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Business News/ Companies / Start-ups/  AI Startups Have Tons of Cash, but Not Enough Data. That’s a Problem.
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AI Startups Have Tons of Cash, but Not Enough Data. That’s a Problem.

wsj

Big companies aren’t so willing to share proprietary data with startups looking to power their large-language models

AI tools like ChatGPT have sparked waves of excitement over the possibilities of large-language models, but having the right data is critical. (istock)Premium
AI tools like ChatGPT have sparked waves of excitement over the possibilities of large-language models, but having the right data is critical. (istock)

Generative-AI startups are rolling in billions of dollars of funding, but they could already be headed for failure if they can’t get the right data—and that won’t be an easy feat.

“We’ve seen lots of pitches from companies who may well be pursuing a brilliant application of AI, but they don’t have access to data that will give them the ability to build a powerful application, let alone proprietary data that will help them have competitive moats in their business," said Brad Svrluga, co-founder and general partner of venture-capital firm Primary Venture Partners.

Today, having the right data is more critical than ever for success. Now that building the actual models has become somewhat commoditized, the real value is in the data, said Paul Tyma, CTO-in-residence of Bullpen Capital.

Venture funding in generative-AI startups has grown from $4.8 billion in 2022 to $12.7 billion in the first five months of 2023, according to PitchBook. Now many of these companies are looking to build more niche AI models in areas such as finance or healthcare—but getting access to training data sets there hasn’t been easy.

Some AI startups are targeting partnerships with big, data-rich enterprises. For example, Marna Ricker, global vice chair for tax at EY, said the firm has generative-AI startups approaching it everyday thanks to its vast troves of transactional data. But EY’s global managing partner of client service, Andy Baldwin, said he has concerns about what would happen to EY’s data if it is used to train an outside model.

“Who owns that data? And when we train the model, what’s our access rights to that model? And how else are other people going to be able to use that model?" said Baldwin. “The data is part of our IP that we bring."

Startups can get around the IP issue by training a different model for each of their clients on only that client’s data. That’s a strategy that startup TermSheet is using to build its Ethan product, a generative-AI model to answer industry questions for real-estate developers, brokers and investors. But even getting clients to agree to that takes some education and convincing, said CEO and co-founder Roger Smith.

Convincing enterprises that you have a strong cybersecurity posture and can actually protect that data can also be a challenge, said Andy Wilson, co-founder and CEO of legal tech company Logikcull.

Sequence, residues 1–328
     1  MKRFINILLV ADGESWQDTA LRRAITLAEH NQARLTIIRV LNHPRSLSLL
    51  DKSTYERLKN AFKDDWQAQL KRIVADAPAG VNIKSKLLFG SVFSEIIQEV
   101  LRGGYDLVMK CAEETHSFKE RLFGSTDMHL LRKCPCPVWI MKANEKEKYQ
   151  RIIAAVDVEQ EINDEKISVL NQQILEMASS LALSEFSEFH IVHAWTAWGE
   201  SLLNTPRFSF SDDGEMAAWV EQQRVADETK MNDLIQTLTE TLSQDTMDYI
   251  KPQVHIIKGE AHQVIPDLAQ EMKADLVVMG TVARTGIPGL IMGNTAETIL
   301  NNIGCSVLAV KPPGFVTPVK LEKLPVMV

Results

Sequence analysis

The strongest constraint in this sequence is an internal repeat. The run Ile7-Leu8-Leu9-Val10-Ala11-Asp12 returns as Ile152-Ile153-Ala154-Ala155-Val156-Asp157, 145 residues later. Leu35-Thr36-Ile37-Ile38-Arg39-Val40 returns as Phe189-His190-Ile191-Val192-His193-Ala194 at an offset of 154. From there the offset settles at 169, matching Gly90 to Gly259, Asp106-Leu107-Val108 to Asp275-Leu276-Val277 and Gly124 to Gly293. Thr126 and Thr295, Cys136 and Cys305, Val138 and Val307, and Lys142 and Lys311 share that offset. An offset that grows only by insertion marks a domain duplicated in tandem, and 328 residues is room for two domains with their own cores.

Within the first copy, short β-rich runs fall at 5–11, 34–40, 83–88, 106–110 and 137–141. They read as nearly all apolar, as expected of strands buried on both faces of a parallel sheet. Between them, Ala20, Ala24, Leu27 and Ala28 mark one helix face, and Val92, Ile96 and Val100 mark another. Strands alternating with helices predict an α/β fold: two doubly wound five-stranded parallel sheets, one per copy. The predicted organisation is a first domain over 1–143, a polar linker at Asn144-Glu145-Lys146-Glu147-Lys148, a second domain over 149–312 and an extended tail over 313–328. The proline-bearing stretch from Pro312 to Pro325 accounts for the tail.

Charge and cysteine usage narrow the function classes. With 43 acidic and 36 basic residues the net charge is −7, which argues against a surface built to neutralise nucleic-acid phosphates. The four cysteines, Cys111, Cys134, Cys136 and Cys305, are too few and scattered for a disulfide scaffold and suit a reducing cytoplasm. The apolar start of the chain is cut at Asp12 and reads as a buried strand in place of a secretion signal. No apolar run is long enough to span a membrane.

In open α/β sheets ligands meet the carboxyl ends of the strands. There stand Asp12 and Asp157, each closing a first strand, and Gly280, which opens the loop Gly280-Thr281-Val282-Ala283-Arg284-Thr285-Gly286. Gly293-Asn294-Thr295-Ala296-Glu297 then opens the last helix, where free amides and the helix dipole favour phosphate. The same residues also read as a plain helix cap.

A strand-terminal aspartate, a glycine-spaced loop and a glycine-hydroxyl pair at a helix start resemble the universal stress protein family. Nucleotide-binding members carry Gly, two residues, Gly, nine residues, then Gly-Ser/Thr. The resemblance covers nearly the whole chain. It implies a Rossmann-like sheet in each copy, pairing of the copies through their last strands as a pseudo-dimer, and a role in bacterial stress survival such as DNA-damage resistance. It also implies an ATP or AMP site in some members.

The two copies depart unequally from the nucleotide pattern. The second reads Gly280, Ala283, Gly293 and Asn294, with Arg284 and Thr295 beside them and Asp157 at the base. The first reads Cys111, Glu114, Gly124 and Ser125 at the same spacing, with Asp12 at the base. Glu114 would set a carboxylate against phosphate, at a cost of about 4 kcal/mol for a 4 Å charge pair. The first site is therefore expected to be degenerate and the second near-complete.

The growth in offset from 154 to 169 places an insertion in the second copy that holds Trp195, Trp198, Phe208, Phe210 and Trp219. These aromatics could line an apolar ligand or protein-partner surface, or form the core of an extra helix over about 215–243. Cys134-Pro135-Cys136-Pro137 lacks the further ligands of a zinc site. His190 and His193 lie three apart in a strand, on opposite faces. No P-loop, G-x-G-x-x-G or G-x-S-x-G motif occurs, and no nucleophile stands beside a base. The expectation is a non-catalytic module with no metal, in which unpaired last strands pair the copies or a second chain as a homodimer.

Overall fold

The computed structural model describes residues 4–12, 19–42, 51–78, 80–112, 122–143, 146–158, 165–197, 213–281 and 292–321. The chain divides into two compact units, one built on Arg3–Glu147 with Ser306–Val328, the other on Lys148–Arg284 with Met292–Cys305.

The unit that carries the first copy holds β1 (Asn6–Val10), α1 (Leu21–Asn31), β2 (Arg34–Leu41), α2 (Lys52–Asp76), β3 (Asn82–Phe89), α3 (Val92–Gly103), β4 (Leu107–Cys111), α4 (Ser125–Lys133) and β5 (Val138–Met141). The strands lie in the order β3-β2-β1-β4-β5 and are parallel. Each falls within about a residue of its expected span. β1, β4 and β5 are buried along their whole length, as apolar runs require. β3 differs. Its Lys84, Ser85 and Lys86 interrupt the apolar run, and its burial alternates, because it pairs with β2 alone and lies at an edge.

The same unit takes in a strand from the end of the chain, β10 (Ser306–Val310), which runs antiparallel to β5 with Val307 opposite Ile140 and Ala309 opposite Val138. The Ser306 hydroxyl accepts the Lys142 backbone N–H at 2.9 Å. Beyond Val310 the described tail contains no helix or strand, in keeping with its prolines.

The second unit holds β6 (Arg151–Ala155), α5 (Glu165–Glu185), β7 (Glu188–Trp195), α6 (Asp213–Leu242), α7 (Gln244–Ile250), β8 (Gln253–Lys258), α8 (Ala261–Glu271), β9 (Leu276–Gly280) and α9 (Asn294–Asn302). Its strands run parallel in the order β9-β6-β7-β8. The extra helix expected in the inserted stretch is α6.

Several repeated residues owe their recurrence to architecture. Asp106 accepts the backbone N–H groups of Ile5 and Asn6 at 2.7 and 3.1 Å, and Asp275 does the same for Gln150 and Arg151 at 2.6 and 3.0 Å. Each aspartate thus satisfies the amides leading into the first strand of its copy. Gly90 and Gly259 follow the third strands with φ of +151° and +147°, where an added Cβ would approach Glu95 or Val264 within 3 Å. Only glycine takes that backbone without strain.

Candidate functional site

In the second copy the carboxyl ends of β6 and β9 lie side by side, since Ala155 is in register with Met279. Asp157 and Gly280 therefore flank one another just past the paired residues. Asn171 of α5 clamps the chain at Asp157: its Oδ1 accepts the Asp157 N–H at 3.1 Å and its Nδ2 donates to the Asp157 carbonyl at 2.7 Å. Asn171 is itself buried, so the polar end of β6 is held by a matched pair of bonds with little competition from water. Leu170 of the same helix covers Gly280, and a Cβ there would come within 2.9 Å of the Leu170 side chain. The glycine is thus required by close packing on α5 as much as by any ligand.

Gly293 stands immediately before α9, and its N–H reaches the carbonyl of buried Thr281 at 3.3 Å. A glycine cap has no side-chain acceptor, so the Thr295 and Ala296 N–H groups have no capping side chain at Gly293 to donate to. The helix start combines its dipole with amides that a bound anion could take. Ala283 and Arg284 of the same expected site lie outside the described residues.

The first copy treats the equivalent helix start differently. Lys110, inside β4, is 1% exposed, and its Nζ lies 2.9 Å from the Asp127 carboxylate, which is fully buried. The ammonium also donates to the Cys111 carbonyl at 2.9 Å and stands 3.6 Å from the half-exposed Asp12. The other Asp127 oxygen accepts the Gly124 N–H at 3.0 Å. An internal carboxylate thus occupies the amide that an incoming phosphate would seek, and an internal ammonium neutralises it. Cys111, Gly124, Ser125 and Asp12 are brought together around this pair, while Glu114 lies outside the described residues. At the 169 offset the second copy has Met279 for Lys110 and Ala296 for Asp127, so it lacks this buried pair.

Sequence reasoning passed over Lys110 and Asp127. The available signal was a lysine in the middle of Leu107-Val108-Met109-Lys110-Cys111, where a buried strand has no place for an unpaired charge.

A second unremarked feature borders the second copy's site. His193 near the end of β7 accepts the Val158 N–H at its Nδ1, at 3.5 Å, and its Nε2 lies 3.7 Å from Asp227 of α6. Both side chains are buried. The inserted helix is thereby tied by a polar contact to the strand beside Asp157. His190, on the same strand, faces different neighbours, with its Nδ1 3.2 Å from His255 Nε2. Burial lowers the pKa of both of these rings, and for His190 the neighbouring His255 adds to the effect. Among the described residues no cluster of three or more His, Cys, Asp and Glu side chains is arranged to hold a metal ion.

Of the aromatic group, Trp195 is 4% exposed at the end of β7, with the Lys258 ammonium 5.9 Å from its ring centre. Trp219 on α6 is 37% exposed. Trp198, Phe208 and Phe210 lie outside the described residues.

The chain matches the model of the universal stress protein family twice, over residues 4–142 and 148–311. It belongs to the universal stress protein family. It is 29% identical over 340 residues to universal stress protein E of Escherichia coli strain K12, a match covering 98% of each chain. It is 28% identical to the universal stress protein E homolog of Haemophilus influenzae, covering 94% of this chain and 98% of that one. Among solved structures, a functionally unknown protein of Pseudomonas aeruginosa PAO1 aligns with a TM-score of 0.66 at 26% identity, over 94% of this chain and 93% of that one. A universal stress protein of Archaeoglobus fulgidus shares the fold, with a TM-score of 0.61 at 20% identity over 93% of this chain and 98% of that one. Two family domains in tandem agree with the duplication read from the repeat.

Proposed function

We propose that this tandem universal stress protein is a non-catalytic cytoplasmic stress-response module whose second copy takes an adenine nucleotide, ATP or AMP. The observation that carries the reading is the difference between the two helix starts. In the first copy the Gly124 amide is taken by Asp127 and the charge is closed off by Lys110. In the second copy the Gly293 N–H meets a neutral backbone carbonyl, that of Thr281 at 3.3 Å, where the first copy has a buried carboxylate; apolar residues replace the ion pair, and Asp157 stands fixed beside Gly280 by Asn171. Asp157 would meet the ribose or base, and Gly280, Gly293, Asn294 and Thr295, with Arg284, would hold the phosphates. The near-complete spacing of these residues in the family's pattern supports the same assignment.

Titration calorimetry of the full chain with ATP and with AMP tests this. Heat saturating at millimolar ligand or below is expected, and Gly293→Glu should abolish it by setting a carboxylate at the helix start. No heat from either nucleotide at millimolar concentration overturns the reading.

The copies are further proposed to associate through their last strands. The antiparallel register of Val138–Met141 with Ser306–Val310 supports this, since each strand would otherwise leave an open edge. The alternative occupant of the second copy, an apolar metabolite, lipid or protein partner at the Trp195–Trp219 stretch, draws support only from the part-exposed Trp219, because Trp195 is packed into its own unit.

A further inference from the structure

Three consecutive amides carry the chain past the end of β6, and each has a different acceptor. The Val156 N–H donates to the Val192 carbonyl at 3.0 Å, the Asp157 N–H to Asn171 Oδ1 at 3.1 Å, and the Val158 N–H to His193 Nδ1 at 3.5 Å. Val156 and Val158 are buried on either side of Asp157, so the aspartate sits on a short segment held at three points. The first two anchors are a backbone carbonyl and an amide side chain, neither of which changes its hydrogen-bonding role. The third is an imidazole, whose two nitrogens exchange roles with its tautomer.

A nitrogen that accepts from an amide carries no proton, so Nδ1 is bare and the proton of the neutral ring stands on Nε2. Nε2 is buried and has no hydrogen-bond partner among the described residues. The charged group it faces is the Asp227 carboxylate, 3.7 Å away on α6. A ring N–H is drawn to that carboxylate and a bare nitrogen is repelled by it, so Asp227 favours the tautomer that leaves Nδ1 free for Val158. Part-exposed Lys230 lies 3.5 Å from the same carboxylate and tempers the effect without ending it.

Primary Venture Partners’ Svrluga said larger tech incumbents may hold an advantage over startups in generative AI applications in part because they already have the trust of large customers who are comfortable with them handling data.

Tracy Daniels, chief data officer at financial services company Truist, said she’s currently only exploring generative AI use cases with larger tech vendors rather than startups. She said she can trust larger vendors to keep the data safe.

It means that even startups who can get a head start with publicly available data face challenges fleshing out their models with enterprise data sets. Veesual, an AI startup that can generate images of what people look like trying on clothes, initially leveraged public images from the internet for training, but struggled to get large retailers to agree to hand over their data to enhance the model.

In some cases, the large retailers asked for huge payouts or equity in the company in exchange for how Veesual would profit off that data, and the deals didn’t come to fruition, said CEO and co-founder Maxime Patte.

PatentPal, a generative-AI startup that helps law firms draft patent applications, is trained on publicly available patent filings, said CEO and Founder Jack Xu. There is an opportunity to make the tool more accurate by continuing to train it on actual customer feedback that is been encrypted or anonymized, he said. But it is complex because that feedback has to be separated from highly sensitive and confidential data, including trade secrets.

“For early stage startups, there’s an issue of brand recognition, an issue of social proof," he said.

But at the same time, the pressure is on. Adam Struck, founder and managing partner of Struck Capital, said that some startups are racing to compete with each other to secure more data within certain niches, and to do it faster.

“If you believe there’s a proprietary data set, you’re going to want to get that before them and then negotiate exclusivity," he said. “In that sense it almost becomes an arms race."

 

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